Medicaid law and nursing homes
Imagine that you and your husband are trying to decide whether he will need to go into a nursing home or an assisted living situation in the next few years. It goes without saying that this decision should be made, as much as possible, based on the state of his health and his ability to care for himself. But if you will be depending on Medicaid to meet the considerable expenses involved, you should know how the laws governing Medicaid will affect your day-to-day life. For this, you will need the help of a Medicaid attorney.
There are different types of Medicaid, available for senior citizens with different needs and financial situations. All Medicaid programs come with income restrictions. In the case of a nursing home, you will be permitted to keep at least $1,991.25 a month of the combined incomes you and your husband receive. This is called the minimum monthly maintenance allowance. Under the right circumstances, you may be able to keep more.
The monthly income limit your husband will have on Medicaid in a nursing home is $1,247.50 for basic care and $1,560.50 for a dementia-lockdown unit. However, this only includes Social Security, fixed pensions and other forms of fixed income. It does not include interest, dividends or payments out of an IRA or 401K. As for your resources, if you and your husband have over $240,000, the most you will be able to keep back at home is $119,220. In this case, unlike in the monthly income limit mentioned above, countable resources include life insurance, retirement plans, IRAs and annuities.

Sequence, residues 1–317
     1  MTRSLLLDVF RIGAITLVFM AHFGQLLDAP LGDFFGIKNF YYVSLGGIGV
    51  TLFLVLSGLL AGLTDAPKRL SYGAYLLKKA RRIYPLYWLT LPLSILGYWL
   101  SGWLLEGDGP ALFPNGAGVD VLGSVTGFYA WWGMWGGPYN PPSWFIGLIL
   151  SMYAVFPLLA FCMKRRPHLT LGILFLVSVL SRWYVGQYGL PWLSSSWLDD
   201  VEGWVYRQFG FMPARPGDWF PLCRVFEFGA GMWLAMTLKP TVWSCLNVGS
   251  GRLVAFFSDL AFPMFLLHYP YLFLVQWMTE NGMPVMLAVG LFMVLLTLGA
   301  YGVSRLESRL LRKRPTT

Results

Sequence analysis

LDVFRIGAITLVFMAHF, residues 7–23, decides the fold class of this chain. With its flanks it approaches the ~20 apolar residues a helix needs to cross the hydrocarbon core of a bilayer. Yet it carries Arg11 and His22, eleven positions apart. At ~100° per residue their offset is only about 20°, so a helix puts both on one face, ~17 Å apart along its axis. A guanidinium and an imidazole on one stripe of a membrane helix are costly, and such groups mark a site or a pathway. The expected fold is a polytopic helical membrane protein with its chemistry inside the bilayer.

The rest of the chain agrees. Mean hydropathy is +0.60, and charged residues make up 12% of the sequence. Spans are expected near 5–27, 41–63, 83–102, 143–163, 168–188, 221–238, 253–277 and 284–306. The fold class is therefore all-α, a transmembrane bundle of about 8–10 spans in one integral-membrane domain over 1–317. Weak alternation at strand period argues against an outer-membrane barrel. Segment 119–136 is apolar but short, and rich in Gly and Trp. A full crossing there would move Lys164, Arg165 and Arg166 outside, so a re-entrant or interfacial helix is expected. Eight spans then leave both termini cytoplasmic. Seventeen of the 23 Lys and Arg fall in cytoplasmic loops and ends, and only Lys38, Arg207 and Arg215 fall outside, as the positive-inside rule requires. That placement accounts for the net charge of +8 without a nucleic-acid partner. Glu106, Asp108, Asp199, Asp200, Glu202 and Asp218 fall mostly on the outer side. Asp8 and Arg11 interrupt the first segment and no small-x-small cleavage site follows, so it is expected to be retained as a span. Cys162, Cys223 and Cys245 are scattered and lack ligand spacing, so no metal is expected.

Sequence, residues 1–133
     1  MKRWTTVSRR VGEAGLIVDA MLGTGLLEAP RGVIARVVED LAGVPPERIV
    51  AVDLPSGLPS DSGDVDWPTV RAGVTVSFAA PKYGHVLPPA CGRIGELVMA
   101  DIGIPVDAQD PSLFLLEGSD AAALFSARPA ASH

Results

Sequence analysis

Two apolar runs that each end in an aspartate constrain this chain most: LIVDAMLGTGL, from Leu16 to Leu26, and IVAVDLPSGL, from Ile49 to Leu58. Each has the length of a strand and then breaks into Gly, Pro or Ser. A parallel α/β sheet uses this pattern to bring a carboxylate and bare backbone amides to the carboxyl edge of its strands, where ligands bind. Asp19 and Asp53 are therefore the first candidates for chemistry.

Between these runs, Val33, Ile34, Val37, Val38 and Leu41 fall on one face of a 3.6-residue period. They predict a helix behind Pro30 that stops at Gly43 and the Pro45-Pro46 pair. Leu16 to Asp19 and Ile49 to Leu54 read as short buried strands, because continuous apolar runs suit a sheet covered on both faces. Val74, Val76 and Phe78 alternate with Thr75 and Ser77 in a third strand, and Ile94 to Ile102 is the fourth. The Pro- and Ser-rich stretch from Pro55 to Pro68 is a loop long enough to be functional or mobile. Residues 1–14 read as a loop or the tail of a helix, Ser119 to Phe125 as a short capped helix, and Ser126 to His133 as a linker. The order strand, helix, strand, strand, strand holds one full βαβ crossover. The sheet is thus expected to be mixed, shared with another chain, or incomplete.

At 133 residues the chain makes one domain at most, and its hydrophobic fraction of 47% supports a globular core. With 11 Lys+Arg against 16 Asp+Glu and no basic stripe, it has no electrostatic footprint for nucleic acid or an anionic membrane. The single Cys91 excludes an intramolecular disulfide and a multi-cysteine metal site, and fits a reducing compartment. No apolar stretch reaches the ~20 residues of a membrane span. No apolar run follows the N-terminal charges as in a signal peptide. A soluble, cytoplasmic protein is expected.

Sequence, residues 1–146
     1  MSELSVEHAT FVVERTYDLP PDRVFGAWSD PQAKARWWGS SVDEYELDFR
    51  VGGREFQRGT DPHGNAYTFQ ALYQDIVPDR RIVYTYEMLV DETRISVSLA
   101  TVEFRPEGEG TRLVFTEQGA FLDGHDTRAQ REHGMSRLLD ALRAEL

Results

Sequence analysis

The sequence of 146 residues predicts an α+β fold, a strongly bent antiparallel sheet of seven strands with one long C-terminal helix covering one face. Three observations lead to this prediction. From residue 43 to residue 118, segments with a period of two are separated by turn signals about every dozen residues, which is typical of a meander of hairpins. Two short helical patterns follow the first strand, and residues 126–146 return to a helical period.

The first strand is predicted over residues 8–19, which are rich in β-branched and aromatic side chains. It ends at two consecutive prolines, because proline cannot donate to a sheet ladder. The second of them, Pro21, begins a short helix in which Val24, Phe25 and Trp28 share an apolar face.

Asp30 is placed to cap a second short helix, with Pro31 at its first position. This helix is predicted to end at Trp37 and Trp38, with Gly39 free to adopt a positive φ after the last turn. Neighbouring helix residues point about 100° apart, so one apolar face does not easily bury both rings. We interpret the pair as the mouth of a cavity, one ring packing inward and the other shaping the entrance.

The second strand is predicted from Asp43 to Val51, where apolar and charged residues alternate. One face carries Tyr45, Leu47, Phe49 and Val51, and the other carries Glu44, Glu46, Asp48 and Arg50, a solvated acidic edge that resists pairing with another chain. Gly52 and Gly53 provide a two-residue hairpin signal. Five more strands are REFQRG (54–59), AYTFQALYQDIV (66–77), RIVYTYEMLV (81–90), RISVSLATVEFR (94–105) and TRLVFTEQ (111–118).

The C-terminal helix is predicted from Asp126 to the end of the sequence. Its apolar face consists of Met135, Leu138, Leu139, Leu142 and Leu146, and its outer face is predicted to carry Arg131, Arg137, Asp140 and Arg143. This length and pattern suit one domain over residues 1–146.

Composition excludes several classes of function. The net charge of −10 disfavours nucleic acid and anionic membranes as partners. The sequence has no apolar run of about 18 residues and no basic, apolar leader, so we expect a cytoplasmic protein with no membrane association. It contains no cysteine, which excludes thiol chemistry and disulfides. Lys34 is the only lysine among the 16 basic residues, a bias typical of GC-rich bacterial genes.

A nursing home is considered long term care, while an assisted living center is considered special assistance. If you wish to transfer assets out of your name before applying for Medicaid, the look-back period for an assisted living center is three years, whereas in the case of a nursing home it would be five years.
There are other differences as well. If your husband goes into a nursing home, you and he will be allowed to retain life insurance with a face value of $10,000. If he goes into an assisted living center, that number will drop to $1,500.
An expert in Medicaid law in Gastonia, NC
It should be clear by now that Medicaid law is a complicated subject. If you want to protect your assets when applying for Medicaid, it is a good idea to find a Medicaid attorney who understands the subject and can help you get the most advantage out of the law. Robert C. Whitt is a Gastonia attorney, servicing the areas of Gastonia, Charlotte, Mount Holly and Gaston, Mecklenburg, Lincoln Counties and surrounding communities. He focuses on wills, trusts and other aspects of elder law. Call and make an appointment today.